Diving Horse: Vintage photos from one of the most dangerous stunt shows ever performed, 1900-1970


Stunt shows featuring diving horses began in the 1880s and had been a wildly popular attraction for decades, despite the apparent cruelty to the animals and the danger it posed, ironically, to riders more than the subject of horses. it happens.

According to Texas Escape, horse racing was invented by a man named William "Doc" Carver. Carver had worked with Buffalo Bill Cody, but by the 1880s he was traveling the country with his Wild West shows. He was a champion sharpshooter, and his rifle skills were the highlights of the show, but after a while, he added a new gimmick: the diving horse.

Reportedly, in 1881 Carver was crossing a bridge over the Platette River (Nebraska) that partially collapsed. His horse fell/pigeoned in the water below, which inspired Carver to develop the Diving Horse Act.

Carver trained various animals and went on tour. His son, Al Floyd Carver, built the ramp and tower, and Lorena Carver was the first rider. Sonora Webster joined the show in 1924. She later married Al Floyd Carver.

One of William "Doc" Carver's most famous shows was "The Great Carver Show" which became a center of attraction at the Steel Pier in Atlantic City, New Jersey. The bizarre show involved a young woman with a horse with a swimsuit on her back, jumping from a high platform into a pool of water below.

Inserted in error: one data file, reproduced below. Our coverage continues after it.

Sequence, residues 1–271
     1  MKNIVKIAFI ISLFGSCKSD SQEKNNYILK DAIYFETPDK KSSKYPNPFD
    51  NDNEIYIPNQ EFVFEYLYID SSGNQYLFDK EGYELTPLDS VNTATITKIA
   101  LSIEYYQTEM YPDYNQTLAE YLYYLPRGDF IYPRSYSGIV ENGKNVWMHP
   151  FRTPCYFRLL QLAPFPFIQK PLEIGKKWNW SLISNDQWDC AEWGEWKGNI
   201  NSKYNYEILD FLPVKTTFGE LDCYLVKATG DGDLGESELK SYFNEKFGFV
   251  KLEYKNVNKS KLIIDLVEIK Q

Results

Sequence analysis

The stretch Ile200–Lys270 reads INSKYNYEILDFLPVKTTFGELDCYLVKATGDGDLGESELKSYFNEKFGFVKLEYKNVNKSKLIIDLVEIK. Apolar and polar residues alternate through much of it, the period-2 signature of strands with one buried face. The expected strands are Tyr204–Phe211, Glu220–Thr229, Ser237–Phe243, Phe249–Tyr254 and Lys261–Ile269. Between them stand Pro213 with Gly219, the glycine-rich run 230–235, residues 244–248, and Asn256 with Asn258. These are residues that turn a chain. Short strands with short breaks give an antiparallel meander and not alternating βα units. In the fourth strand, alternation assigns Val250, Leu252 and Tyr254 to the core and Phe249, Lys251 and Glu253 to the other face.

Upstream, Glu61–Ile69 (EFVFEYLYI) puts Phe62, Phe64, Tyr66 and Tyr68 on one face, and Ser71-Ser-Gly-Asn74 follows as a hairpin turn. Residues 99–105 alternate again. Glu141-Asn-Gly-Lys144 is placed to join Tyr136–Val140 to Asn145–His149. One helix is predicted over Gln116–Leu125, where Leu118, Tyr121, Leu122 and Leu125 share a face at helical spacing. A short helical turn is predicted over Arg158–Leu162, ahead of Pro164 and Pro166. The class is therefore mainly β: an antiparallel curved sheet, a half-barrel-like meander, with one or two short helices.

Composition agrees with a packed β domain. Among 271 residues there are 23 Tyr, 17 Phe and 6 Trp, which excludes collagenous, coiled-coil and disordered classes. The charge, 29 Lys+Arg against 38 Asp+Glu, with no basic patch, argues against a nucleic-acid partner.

The platform was placed 40 feet high. The diving horse ran on a carpeted ramp while the rider waited at the top, as the horse simultaneously ran for a dive.

When the horses landed in the tank, which was about 11 feet deep, they would descend until their hooves reached the bottom and then pushed to come back to the surface. Divers often trained with their horses for years, gradually moving towards higher and more challenging diving platforms.

Horses often throw their heads up to help with speed. The diving girl had to make sure she lays her head to one side or she comes to the surface with a bloody nose, black eyes, or broken cheekbones and collar bones.

Reportedly, in all the years of the show, there was not a single incident of injury to any of the high diving horses. However, the same cannot be said for the riders.

There were an average of two injuries a year, usually a broken bone or a bruise. Sonora Webster suffered the most serious injury in the show's history.

In 1931, during a dive, his horse sank into the tank, causing it to hit the face of the water first. Sonora failed to close her eyes quickly, resulting in detachment of the retina, rendering her sight impaired.

Despite being blind, Sonora continued acting for eleven more years. A film based on her life, Wild Hearts Can't Be Broken, was released in 1991 and was based on her memoir A Girl and Five Brave Horses.

Protests from animal welfare activists put an end to horse diving shows in Atlantic City in the 1970s. Although there was a brief reinstatement of the Act at the ghat in 1993, it was closed again amid protests. Tea

Horses fly pigeons sometimes four times a day, seven days a week. An attempt to revive the show at Steel Pier was halted in 2012 when animal welfare advocates petitioned the owners not to hold the show.

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